I have written a program that implements the composite Simpson's rule for integrating functions over the interval $[0,1]$. In checking the program for correctness, I test the routine on the integral $\int_{0}^1 x^5dx$ and I obtain the following results:

$$ \begin{array}{c|lcr} m & \text{Approximation} & \text{Error} \\ \hline 8 & 0.24169 & 0.04169 \\ 16 & 0.22083 & 0.02083 & \\ 32 & 0.21041 & 0.01041 & \\ 64 & 0.20520 & 0.00520 \end{array} $$

What is the factor by which the errors should decrease as the number of panels, M, is doubled?

On the basis of the computational results listed above, can I conclude that my program is working correctly?

I know that composite Simpson's rule has an order of accuracy of 4. Basically, I was wondering if this means that the error should decrease by a factor of $\frac{1}{4}$, whereas I can see that it is decreasing by a factor of $\frac{1}{2}$.

In other words, I was hoping somebody could clarify the relationship between the order of accuracy and the actual change in the error that you would expect to see from one iteration to the next.

Thank you very much for your help.


Before I answer your question, I note that

$$ \int_0^1 x^5 dx = \frac{x^6}{6} \Bigg|_0^1 = \frac{1}{6},$$

which is quite far from all of your estimates. I wonder if you aren't checking something else instead?

When people say composite Simpon's has fourth order convergence, they mean that if you double the number of (evenly spaced) intervals, so that each interval is $(1/2)$ the size, then the resulting error should be around $(1/2)^4 = 1/16$ as bad.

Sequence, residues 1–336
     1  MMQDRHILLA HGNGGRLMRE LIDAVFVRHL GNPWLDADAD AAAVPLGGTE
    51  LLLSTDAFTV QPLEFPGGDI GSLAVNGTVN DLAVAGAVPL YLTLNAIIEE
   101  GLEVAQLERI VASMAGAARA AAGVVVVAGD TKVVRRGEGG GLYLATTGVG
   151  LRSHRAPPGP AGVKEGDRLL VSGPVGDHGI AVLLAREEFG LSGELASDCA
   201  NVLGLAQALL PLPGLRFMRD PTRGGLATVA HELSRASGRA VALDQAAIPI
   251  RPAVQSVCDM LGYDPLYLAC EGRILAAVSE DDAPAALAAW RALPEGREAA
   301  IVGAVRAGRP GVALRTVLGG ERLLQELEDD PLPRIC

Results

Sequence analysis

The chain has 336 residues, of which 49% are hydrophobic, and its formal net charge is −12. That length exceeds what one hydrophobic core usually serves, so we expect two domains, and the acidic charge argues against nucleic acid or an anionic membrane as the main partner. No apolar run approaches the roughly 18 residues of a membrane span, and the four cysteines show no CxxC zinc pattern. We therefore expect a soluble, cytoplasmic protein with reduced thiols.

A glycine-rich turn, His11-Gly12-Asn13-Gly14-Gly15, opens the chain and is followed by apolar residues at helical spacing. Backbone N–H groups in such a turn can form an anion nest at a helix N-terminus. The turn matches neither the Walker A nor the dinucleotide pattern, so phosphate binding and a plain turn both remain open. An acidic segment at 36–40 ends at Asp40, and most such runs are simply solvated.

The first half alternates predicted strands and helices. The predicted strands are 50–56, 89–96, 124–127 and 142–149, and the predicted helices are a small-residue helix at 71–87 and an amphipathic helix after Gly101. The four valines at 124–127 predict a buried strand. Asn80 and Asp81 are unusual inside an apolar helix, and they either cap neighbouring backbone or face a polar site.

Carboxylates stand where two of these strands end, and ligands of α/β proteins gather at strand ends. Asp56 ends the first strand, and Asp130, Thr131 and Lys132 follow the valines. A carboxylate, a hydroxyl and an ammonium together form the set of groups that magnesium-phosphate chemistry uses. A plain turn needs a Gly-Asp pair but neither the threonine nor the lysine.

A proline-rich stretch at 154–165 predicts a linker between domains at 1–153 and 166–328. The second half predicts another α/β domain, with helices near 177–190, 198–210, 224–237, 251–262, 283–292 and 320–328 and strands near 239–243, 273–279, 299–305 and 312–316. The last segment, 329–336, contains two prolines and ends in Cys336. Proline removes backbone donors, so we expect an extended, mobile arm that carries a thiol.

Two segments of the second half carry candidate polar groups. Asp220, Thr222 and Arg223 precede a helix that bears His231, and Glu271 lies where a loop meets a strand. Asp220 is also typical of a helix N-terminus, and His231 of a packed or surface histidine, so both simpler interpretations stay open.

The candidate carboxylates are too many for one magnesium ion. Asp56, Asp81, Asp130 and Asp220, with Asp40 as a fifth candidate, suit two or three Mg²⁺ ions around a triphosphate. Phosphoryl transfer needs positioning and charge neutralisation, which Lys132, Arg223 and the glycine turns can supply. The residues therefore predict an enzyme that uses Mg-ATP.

In particular, the general bound for the error of the composite Simpson's rule for a function $f$ over an interval $[a,b]$ is $$\frac{b-a}{180} h^4\max_{[a,b]} \lvert f^{(4)}(x)\rvert,$$ where $h$ is the width of the subintervals you've split the interval into. For your application, the thing you're changing is $h$: using twice the intervals amounts to changing $h$ by a factor of $1/2$.

  • $\begingroup$ First of all, thank you for your help! Just to be clear, this scenario comes from a practice exam that I am using to study. I realize that the estimates are ridiculous, but it is just a fabricated situation. However, the real purpose of the question is to understand whether or not you would expect to see the error getting cut in half at each iteration. $\endgroup$ – Hawleyluyah Mar 18 '18 at 23:45
  • $\begingroup$ Based on your response, am I correct in thinking that you would expect to see that the "(i+1)th" error is 1/16th the size of the "(i)th" error? $\endgroup$ – Hawleyluyah Mar 18 '18 at 23:48
  • 1
    $\begingroup$ @Hawleyluyah yes, you would expect each subsequent error to be around $1/16$ the size of the previous error. $\endgroup$ – davidlowryduda Mar 19 '18 at 0:25

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